Generally most riders were leaving by seven in the morning and finishing by mid- or late afternoon. In the Cascades or the Rockies riding early might require every piece of clothing you have, while in the Midwest you might start out wearing nothing but shoes and shorts. To beat the Kansas heat our group sometimes began riding before dawn, stopping in a town around midday to spend the remainder of the afternoon snoozing in the air-conditioned quiet of the public library or swimming in the municipal pool. Overall we averaged close to 80 miles per day, a decidedly longer distance than the Bikecentennial groups we passed.
Regardless of how long or far you might ride in a day, several points will become clear early in your trip. Everyone does not love you, even when you are riding on the far edge of the shoulder. Expect to be cursed at least once every few days and not necessarily by an impatient driver. Smart mouths seem to be evenly distributed among all age and social groups, though they fail to realize that nearly everything shouted from a passing car is a garbled slur to the cyclist.
On one point everyone seemed to agree: avoid gravel roads. For some perverse reason the TransAmerica Trail includes unpaved stretches in Colorado, Kansas, and Indiana, and at least one alternate road in Oregon. Not one cyclist spoke kindly about these riding conditions. Indeed the one tourist we passed who had injured himself in a fall had done so in Indiana gravel, and a forest warden in Baker, Oregon, told us of "rescuing" four different groups, one with a flat tire on every bicycle, from the unpaved section of the trail in his state.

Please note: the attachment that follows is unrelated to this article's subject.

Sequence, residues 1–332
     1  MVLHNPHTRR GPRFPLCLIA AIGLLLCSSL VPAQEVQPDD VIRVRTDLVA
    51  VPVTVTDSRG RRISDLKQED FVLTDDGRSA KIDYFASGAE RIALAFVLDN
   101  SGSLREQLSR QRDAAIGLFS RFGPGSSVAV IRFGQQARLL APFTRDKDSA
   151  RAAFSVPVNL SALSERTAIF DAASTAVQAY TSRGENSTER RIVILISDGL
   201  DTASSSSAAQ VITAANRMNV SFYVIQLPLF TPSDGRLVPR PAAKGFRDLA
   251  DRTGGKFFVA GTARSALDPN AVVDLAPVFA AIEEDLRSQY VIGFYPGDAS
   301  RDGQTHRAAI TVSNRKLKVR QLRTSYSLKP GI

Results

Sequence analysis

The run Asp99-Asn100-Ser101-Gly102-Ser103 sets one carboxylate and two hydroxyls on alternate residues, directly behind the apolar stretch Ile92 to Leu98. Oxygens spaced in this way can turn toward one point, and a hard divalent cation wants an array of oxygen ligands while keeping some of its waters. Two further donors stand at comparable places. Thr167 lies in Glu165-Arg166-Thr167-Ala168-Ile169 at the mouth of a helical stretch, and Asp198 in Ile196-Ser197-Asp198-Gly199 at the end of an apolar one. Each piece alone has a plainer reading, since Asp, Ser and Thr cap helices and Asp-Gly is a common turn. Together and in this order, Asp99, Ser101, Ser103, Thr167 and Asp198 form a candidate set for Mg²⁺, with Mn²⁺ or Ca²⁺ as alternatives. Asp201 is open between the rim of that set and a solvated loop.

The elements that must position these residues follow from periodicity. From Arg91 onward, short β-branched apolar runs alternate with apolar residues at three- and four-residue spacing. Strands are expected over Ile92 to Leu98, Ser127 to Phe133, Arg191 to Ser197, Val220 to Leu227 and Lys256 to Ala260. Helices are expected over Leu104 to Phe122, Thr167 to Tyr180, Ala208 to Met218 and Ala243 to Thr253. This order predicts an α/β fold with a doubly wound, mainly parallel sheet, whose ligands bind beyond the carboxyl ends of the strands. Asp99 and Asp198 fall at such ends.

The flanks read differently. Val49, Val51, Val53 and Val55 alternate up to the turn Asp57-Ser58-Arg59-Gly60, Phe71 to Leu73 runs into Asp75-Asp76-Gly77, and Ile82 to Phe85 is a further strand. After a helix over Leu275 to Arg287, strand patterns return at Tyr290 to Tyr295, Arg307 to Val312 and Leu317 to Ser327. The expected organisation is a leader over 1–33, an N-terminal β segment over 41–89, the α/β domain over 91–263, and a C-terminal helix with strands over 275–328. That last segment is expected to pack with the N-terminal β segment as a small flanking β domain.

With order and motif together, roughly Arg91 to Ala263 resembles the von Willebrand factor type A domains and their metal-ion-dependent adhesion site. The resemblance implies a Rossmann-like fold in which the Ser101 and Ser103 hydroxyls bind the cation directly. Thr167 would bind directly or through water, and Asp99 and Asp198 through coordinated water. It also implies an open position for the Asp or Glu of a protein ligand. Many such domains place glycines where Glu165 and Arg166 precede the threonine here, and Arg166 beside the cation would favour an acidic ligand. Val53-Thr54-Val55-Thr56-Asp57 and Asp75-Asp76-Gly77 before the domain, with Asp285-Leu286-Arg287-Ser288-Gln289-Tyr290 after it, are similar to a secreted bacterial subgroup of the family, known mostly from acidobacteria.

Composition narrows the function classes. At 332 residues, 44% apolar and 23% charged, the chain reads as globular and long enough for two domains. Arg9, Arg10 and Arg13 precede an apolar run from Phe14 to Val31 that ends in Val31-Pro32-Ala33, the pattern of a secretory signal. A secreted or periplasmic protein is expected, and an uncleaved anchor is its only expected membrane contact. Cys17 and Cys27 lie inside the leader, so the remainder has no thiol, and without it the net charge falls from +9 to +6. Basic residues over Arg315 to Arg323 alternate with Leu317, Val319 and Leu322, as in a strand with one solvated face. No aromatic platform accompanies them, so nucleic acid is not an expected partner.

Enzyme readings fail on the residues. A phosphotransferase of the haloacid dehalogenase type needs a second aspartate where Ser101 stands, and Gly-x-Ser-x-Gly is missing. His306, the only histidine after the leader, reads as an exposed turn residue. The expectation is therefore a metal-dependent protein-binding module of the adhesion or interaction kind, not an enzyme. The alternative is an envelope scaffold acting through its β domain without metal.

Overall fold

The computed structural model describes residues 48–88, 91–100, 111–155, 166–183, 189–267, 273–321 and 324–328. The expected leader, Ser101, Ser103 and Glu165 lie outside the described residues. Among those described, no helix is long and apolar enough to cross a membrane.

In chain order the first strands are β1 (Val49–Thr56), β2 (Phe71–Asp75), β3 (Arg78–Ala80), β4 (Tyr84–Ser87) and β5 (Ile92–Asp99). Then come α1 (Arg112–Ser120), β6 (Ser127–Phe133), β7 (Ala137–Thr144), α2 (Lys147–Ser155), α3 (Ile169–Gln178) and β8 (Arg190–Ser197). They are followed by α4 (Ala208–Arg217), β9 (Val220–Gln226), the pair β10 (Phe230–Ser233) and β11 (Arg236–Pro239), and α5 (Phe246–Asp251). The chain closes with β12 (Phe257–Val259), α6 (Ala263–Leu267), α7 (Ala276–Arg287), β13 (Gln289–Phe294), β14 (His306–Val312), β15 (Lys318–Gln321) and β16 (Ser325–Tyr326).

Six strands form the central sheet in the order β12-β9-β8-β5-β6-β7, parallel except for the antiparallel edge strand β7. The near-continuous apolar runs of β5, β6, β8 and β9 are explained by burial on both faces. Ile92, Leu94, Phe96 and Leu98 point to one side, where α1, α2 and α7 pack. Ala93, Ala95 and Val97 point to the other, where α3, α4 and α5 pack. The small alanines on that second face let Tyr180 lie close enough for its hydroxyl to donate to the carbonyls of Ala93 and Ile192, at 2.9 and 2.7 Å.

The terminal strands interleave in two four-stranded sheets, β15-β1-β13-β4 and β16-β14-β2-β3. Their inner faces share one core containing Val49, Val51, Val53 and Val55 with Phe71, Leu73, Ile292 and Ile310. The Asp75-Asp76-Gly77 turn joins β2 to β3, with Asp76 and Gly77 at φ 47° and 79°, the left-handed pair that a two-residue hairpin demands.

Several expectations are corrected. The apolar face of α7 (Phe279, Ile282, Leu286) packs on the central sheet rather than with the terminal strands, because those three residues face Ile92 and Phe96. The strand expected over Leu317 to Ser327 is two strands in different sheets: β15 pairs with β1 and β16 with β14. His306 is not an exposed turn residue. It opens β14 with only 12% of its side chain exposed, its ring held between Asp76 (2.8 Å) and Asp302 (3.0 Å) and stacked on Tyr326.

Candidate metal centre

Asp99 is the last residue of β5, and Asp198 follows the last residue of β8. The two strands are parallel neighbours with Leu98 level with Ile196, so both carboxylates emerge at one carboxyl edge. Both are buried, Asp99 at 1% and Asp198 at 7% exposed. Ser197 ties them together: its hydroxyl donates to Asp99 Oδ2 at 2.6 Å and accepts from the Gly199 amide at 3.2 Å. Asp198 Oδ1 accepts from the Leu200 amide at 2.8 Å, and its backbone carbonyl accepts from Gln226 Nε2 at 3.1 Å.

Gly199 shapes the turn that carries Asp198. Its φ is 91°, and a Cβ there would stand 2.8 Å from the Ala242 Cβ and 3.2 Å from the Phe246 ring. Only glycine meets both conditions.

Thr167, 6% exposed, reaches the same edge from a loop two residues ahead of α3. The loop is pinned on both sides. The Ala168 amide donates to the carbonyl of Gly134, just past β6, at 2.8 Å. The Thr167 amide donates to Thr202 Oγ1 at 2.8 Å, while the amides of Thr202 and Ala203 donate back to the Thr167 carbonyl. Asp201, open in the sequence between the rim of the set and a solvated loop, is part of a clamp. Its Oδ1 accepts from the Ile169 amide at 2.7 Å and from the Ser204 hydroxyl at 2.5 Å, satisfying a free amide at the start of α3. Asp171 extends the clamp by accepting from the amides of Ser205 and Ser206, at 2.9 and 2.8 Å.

Using a regular road map, you can plan around hazardous regions or even design a complete, cross-country tour. The TransAmerica Trail is certainly not the only route for cycling across the United States, and few people were following it exactly. Perhaps its greatest advantage lies in the thorough maps and guidebooks available for a reasonable fee; they are the most valuable for riding in the West, where towns, stores, and water supplies are more widely scattered than in some areas -- Kansas, for instance -- and it may not include the scenic spots that most interest you. And a few cyclists noted that off the trail people consider you more of a novelty and thus are more hospitable.
Finally, expect to break down at the most inopportune times and places. Know something about the mechanics of a bicycle before you start to tour. If you have never changed a broken spoke, at least read how and carry the tools and parts needed to do the job. I only heard that dreaded ping four times over the entire journey while another cyclist snapped more than 15 spokes in the first two weeks of riding. Still another tourist managed to replace a spoke on the freewheel side without a freewheel tool; he did not know there even was such a thing.